The next odd inning was the fifth. Tommy Brown led off for the Dodgers, pinch-hitting for Rackley. Brown singled to left but was forced at second by a Snider groundball. Snider moved up a base when Jackie Robinson reached on an error by second baseman Basgall. Hodges then belted a three-run homer, his 10th of the campaign. Pittsburgh answered with two runs in its half of the fifth. Dino Restelli and Kiner hit back-to-back solo shots to start the inning. Kiner’s second round-tripper of the game “went far over the scoreboard.”7
In the seventh Hodges batted with two outs and belted a triple into right field, completing the cycle. Furillo hit a solo home run, making it a 16-9 game in favor of the Dodgers. This was the only odd inning in which Pittsburgh did not score.
To ice the cake, Hodges hit a two-out home run in the top of the ninth for Brooklyn’s 17thrun. Pittsburgh tallied its final run in its half of the ninth inning. Rojek singled and scored on a double to center by Bockman. According to the New York Times, “Snider made a spectacular leaping catch against the left center barrier of Bockman’s drive, crashed into the fence and dropped the ball, although almost catching it again in his bare hand before it hit the ground.”8 Had Snider not touched the ball, “it would have fallen into the bullpen”9 for the 10th home run of the game, tying the major-league record. Snider’s glove caught on the fencepost and was yanked off his hand, hanging there as he tried to make a play. The strap across the back of the glove had broken off.
Brooklyn’s win, combined with a Boston Braves triumph over St. Louis, gave the Dodgers sole possession of first place in the National League, a half-game ahead of the Cardinals. Four of the five homers by Pittsburgh were solo shots. Kiner matched Hodges with two home runs, but his two additional singles could not compete with Hodges’ cycle.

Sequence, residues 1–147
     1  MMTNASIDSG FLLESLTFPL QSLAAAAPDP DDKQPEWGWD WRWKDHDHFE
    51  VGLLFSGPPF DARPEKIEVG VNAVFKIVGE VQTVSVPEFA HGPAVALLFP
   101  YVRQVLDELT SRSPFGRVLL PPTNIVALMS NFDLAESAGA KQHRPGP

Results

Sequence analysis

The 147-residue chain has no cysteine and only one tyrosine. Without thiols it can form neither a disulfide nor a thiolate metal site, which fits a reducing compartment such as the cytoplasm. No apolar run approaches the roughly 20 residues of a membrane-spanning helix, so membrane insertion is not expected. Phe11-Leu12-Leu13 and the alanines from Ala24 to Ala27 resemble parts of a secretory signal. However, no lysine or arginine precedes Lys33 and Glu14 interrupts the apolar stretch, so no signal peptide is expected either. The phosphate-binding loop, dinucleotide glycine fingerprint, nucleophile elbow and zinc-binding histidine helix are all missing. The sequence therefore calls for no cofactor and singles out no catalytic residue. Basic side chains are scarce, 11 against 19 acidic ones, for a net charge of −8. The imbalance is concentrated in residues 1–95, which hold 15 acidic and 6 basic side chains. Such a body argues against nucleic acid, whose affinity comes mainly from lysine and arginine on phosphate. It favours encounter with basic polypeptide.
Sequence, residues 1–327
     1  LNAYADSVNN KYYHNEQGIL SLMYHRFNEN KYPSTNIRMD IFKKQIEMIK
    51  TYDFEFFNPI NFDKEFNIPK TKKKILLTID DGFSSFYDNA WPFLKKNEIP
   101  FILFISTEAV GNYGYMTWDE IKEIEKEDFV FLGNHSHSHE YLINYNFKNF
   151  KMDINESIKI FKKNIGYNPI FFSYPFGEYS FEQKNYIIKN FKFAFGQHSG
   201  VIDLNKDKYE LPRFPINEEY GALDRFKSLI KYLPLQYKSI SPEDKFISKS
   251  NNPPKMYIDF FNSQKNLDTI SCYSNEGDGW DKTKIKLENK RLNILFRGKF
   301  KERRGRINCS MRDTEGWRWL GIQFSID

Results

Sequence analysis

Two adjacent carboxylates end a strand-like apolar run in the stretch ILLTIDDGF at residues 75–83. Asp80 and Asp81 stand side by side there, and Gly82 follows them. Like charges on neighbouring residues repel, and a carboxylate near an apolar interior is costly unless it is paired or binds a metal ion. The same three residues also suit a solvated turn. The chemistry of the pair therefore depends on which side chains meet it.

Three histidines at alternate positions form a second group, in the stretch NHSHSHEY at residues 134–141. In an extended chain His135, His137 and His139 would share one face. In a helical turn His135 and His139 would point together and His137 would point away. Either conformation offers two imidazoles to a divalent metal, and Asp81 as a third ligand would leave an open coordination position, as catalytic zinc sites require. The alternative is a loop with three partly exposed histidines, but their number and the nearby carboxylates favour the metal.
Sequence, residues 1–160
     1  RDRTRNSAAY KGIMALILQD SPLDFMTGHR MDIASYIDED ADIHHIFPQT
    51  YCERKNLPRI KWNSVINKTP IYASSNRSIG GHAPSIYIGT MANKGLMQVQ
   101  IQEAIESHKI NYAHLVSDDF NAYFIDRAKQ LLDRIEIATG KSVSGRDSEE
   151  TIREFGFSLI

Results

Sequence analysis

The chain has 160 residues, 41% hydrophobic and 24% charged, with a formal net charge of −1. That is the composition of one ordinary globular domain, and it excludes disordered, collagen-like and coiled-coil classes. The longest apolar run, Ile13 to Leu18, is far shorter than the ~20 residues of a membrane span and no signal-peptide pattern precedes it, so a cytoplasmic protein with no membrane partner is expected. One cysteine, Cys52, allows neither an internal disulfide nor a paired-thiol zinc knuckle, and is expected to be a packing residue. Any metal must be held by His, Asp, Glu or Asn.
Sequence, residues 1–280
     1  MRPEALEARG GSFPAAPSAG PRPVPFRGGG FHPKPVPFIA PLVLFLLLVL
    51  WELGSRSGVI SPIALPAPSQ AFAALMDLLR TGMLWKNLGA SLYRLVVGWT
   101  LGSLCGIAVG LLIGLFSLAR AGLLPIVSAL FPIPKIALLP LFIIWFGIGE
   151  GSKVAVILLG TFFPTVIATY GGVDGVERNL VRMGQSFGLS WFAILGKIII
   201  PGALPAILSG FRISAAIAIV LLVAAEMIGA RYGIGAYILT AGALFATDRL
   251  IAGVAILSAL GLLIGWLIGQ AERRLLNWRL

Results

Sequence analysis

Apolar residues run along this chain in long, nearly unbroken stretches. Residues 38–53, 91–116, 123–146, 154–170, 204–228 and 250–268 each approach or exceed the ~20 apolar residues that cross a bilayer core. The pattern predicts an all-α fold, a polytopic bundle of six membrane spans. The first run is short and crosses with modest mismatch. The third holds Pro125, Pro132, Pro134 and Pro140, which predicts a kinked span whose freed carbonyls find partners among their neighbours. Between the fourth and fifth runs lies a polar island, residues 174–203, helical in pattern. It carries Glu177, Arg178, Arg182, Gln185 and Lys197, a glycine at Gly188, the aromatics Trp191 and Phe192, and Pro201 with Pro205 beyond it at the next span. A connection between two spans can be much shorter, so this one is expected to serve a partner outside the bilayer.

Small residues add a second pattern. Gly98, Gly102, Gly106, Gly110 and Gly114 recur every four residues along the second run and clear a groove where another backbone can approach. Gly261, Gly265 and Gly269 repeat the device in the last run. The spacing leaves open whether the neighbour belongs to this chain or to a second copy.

Hodges took a called strike three in the first before unleashing his bat on Pirates pitching. In his next five at-bats, he singled, doubled, homered, tripled, and homered again. Hodges, Robinson, Furillo, and Cox combined to drive in 14 of Brooklyn’s 17 runs. The quartet scored ten runs and banged out 11 hits. On the next day, June 26, Brooklyn kept its momentum going, sinking the Pirates, 15-3, before a crowd of close to 40,000. Hodges went 2-for-5. This cycle was the second of the 1949 season, following Pittsburgh’s Wally Westlake (June 14) and preceding one by Stan Musial (against the Dodgers on July 24).
On May 24 Branca had beat Chesnes and the Pirates, 6-1, pitching a complete game.10 Chesnes also lost to Brooklyn on June 6 and with this loss on June 25, Jack Hemon of the Pittsburgh Post-Gazette could accurately note, “the Dodgers (were) inflicting all the setbacks on his record.”11
In addition to the sources mentioned in the Notes, the author consulted baseball-reference.com and retrosheet.org. The game summary for Stan Musial’s cycle can be found at sabr.org.
1 Roscoe McGowen, “Dodgers Down Pirates, 17-10,” New York Times, June 26, 1949: S1.
2 Lester J. Biederman, “Dodgers Beat Bucs in Slugfest, 17-10,” Pittsburgh Press, June 26, 1949: 33.
3 Jack Hernon, “Bucs Bow, 17-10; Nine Homers Hit,” Pittsburgh Post-Gazette, June 26, 1949: 21.
10 Four days after this game, Branca hurled another complete game, as the Dodgers beat the Philadelphia Phillies, 5-1. Branca earned his 10th victory, scattering five hits while walking five. In each of two starts after that game, he didn’t make it out of the second inning, losing to New York and Boston.